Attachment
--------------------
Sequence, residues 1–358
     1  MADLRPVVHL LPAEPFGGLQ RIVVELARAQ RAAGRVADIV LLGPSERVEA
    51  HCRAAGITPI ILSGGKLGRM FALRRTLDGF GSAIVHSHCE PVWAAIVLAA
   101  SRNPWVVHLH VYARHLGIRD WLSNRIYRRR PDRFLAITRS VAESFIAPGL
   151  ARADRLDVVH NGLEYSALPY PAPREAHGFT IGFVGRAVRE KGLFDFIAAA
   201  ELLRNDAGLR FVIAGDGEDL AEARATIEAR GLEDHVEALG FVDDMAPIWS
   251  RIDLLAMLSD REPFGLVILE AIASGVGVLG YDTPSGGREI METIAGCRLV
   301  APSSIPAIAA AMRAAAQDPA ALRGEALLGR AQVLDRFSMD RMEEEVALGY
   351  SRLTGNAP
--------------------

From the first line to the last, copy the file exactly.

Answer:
Sequence, residues 1–358
     1  MADLRPVVHL LPAEPFGGLQ RIVVELARAQ RAAGRVADIV LLGPSERVEA
    51  HCRAAGITPI ILSGGKLGRM FALRRTLDGF GSAIVHSHCE PVWAAIVLAA
   101  SRNPWVVHLH VYARHLGIRD WLSNRIYRRR PDRFLAITRS VAESFIAPGL
   151  ARADRLDVVH NGLEYSALPY PAPREAHGFT IGFVGRAVRE KGLFDFIAAA
   201  ELLRNDAGLR FVIAGDGEDL AEARATIEAR GLEDHVEALG FVDDMAPIWS
   251  RIDLLAMLSD REPFGLVILE AIASGVGVLG YDTPSGGREI METIAGCRLV
   301  APSSIPAIAA AMRAAAQDPA ALRGEALLGR AQVLDRFSMD RMEEEVALGY
   351  SRLTGNAP